Inca Market

Inca craftmen turned out small articles of wood, which they exchanged for pieces of IIama hide or some produce their family needed. Good potters, both men and women, traded their wares for the gourds that Indians raised.

Highland women traded IIama and alpaca wool for cotton grown in the valleys, and the fishermen in the coastal towns dried their catch and carried it in baskets to the highlanders. A family with a few extra ducks carried them alive to market to exchange for cloth or fish, sandals or copper pin.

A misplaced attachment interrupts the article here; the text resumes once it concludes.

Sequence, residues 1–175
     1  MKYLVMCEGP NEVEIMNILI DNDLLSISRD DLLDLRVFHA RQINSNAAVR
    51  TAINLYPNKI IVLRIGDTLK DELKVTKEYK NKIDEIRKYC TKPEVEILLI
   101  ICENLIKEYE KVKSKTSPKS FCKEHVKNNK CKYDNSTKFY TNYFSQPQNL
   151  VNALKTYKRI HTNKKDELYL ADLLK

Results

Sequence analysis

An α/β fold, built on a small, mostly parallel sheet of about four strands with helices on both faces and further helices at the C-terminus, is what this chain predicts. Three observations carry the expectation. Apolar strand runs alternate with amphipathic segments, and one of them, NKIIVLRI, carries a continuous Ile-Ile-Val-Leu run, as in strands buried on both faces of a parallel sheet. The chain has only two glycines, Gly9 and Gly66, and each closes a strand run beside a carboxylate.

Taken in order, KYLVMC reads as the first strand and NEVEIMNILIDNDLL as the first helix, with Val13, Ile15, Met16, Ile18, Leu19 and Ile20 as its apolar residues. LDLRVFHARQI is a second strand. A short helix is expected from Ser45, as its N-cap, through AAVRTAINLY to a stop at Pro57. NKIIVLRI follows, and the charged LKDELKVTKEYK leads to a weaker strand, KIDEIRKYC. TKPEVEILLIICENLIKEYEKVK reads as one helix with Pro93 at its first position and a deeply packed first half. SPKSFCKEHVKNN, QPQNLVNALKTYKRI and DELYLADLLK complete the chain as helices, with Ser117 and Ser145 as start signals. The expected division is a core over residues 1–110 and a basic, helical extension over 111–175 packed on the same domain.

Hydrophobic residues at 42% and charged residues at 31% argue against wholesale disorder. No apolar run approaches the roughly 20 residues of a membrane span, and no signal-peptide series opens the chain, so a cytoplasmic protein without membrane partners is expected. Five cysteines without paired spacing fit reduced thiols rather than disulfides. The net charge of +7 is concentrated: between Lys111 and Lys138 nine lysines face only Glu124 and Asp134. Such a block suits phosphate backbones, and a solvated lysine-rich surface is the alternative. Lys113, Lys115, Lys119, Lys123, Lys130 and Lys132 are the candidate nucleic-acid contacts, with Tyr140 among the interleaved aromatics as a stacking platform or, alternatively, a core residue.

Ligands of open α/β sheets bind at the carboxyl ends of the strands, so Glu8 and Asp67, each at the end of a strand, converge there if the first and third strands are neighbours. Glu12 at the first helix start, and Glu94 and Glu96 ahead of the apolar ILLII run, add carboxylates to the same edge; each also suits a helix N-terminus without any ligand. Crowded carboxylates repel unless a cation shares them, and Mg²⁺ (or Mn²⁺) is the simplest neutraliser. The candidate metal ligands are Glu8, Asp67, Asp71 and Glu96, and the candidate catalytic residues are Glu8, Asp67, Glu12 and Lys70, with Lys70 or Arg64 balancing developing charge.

When ducks were brought to market, the Inca woman of the household did the trading, and her husband went with her to make sure that she was well treated.

Since the ducks really belonged  to the little daughter, who, with her mother’s help, had raised them, fed them, and watched over them, she came along to watch the trading and learn how it was done.

The son went to market too, to watch and learn. And so, at down, entire families set out along the village paths and made their way to the highway.


Post a Comment